Lawson v. General Tel. Co. of Ala., 4 Div. 434

CourtSupreme Court of Alabama
Writing for the CourtBLOODWORTH; HEFLIN
Citation267 So.2d 132,289 Ala. 283
Docket Number4 Div. 434
Decision Date07 September 1972
PartiesGlenda LAWSON v. GENERAL TELEPHONE COMPANY OF ALABAMA, a corporation.

Page 132

267 So.2d 132
289 Ala. 283
Glenda LAWSON
v.
GENERAL TELEPHONE COMPANY OF ALABAMA, a corporation.
4 Div. 434.
Supreme Court of Alabama.
Sept. 7, 1972.
Rehearing Denied Oct. 19, 1972.

[289 Ala. 284]

Page 133

Tipler, Fuller & Barnes, Andalusia, for appellant.

Albrittons & Rankin, Andalusia, for appellee.

[289 Ala. 285] BLOODWORTH, Justice.

Plaintiff appeals from a judgment of the trial court granting the defendant a new trial after a jury verdict and judgment for plaintiff for $15,000. The sole question presented on this appeal is whether the trial court's action constituted error. We answer this question in the affirmative and reverse and remand the cause.

This case arose out of the following factual context.

On Sunday evening, September 29, 1968, after dark, Waco Taylor was seated in his den at his home located on the west side of Stanley Street in Andalusia, Covington County, Alabama. He heard a loud 'crack' and ran outside. He found a Mr. Griffith, a neighbor, looking at the telephone service lines leading from the east side of Stanley Street across the street to Griffith's home. The pole was broke and the lines sagged across the street. The lines were about 6 feet above the center of the north bound lane. Mr. Griffith testified he was in his house when he had heard the noise. He said it was like a banjo strumming, and like somebody hit something. He ran outside. Both men testified the pole was broken off at or near the ground with the wires still holding it partially up. (The lines were located about the middle of the block.)

Just then an automobile, being operated by Ted Grimes in a northerly direction on Stanley Street, came upon the scene. It was stopped by Waco Taylor, who waved down Grimes, warning him the lines were down and that he should not attempt to drive under them in that lane. There was testimony that Grimes' radio aerial would not clear the wires if he had driven under them. Taylor told Grimes to back up. Grimes backed up about ten feet and stopped just as the Lawson car approached from his rear on Stanley Street. Plaintiff was a passenger in this car which was being operated by her husband. Taylor attempted to flag down the Lawson car but did not succeed. The Lawson car struck the Grimes car in the rear. The Grimes car traveled approximately 60 feet after the impact. As a result of this collision, Mrs. Lawson was severely and permanently injured. She suffered facial and head injuries and had to undergo extensive plastic surgery. She remains permanently scarred. There was some testimony to indicate Lawson applied his brakes before the collision.

According to defendant's plant supervisor, the pole in question was installed in 1943, and whether new or used, he could not say. He admitted that there was no periodic inspection made of poles. Though, when an employee climbed a pole he knocked on it with his pliers to see if it was safe to climb. There was testimony that before the accident the service wires had been strung from 16 feet 2 inches to 17 feet 9 inches above the center of the lanes of the street. Evidence was offered that the National Electrical Safety Code, prepared by the National Bureau of Standards, requires a minimum basic clearance of 18 feet [289 Ala. 286] for communication wire. Defendant's supervisor testified he was unfamiliar with this standard. Further, there was evidence the pole in question was old, hard and brittle, with little resiliency. The National Electrical Safety Code specifies that such poles shall be periodically inspected and maintained in a safe condition.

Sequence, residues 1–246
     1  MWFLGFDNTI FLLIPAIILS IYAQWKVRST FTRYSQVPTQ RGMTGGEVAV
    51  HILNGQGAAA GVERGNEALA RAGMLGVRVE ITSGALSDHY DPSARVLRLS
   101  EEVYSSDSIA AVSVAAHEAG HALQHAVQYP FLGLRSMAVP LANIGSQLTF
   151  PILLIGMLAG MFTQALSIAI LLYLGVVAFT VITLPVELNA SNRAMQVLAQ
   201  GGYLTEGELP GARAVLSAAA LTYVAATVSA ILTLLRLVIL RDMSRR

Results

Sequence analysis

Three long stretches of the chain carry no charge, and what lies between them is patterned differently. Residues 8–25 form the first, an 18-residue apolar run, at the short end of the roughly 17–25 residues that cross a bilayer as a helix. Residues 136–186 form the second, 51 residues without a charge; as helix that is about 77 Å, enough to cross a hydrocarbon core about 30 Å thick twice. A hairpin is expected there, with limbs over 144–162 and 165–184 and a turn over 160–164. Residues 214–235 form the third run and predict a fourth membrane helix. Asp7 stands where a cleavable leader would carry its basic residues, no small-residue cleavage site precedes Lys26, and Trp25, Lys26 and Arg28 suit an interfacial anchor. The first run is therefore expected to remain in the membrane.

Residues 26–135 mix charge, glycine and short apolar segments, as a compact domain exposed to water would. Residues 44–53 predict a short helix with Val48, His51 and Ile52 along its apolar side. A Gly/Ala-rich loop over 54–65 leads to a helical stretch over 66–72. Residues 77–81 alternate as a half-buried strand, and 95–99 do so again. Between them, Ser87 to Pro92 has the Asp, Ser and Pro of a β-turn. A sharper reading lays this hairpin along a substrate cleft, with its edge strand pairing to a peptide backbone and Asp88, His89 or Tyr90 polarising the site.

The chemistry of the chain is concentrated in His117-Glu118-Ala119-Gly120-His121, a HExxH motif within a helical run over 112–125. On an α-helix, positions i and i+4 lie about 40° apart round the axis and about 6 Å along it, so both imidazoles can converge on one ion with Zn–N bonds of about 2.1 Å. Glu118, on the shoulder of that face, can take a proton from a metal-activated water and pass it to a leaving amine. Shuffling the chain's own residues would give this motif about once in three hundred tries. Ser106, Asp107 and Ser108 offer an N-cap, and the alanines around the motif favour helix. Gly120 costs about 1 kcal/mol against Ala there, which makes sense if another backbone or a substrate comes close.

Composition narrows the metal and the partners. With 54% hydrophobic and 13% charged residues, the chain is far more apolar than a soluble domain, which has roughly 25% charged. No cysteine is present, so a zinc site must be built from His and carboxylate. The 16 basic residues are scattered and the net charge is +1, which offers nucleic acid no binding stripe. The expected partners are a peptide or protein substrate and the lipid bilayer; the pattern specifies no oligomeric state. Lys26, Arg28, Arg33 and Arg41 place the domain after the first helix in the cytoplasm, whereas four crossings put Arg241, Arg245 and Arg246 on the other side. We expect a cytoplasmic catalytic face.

Page 134

Plaintiff's expert witness Payne testified that, in his opinion, the pole broke as the result of a jerk at the top of the pole when a vehicle of considerable height, such as a log truck, passed under the wires producing a sudden jerk, which combined with the condition of the brittle pole, snapped the pole. He testified it would snap easily.

Defendant offered evidence suggesting that a vehicle must have hit the pole causing it to break. However, Officer Thornton, who arrived within three or four minutes after the wreck, testified he found no debris to indicate the involvement of any third vehicle with the pole. Other witnesses testified to the same effect. Defendant also offered testimony to the effect that plaintiff's husband was intoxicated, and that plaintiff's injuries were the proximate result of his negligence. Defendant offered testimony that the steel wires (composing these lines) would break before the pole broke. Plaintiff offered its expert Payne who testified: that the maximum load at top of the pole (when it was new) was 151 pounds of pull; that the pole was, at the time, being subjected to 90 pounds of pull '* * * darn near loaded to the breaking point * * *; that a tug of pressure at top of the pole, rather than an impact at the bottom would more easily break the pole.'

There was street lights at the intersections of Watson Street and Lindsey Bridge Road with Stanley Street, but none at the point where the pole was located. The condition of light was in dispute. The nearest light appears to have been at least 150 feet away. There was a dispute as to whether the pole was broken in one or two places. Defendant's supervisor testified he had not determined what caused the pole to break. There was testimony from several of defendant's expert witnesses to the effect that the pole was 'sound,' though they admitted it was 'brittle' at the bottom.

Plaintiff's amended complaint was couched in two counts.

Count One-B alleged the defendant negligently erected its pole and wires across Stanley Street at an unsafe height above the public street at a point where traffic was wont to pass and as a proximate result of said negligence the defendant's pole was broken and its wires were caused to drop or sag across the public street in such a position as to block traffic, and that Ted Grimes was obliged to stop his car at or near the wires, and the automobile in which plaintiff was riding as a passenger was caused to collide with the Grimes vehicle resulting in plaintiff's injuries.

Count One-C charged defendant with negligently maintaining its pole in negligently failing to properly and adequately inspect it and as a result the pole became old, deteriorated and unsafe for the use put to it by defendant, and broke, and the wires were caused to sag across the public street in such a position as to block traffic and Ted Grimes was obliged to stop his vehicle at the wires, causing the automobile in which plaintiff was riding as a passenger to collide with Grimes vehicle, resulting in plaintiff's injuries.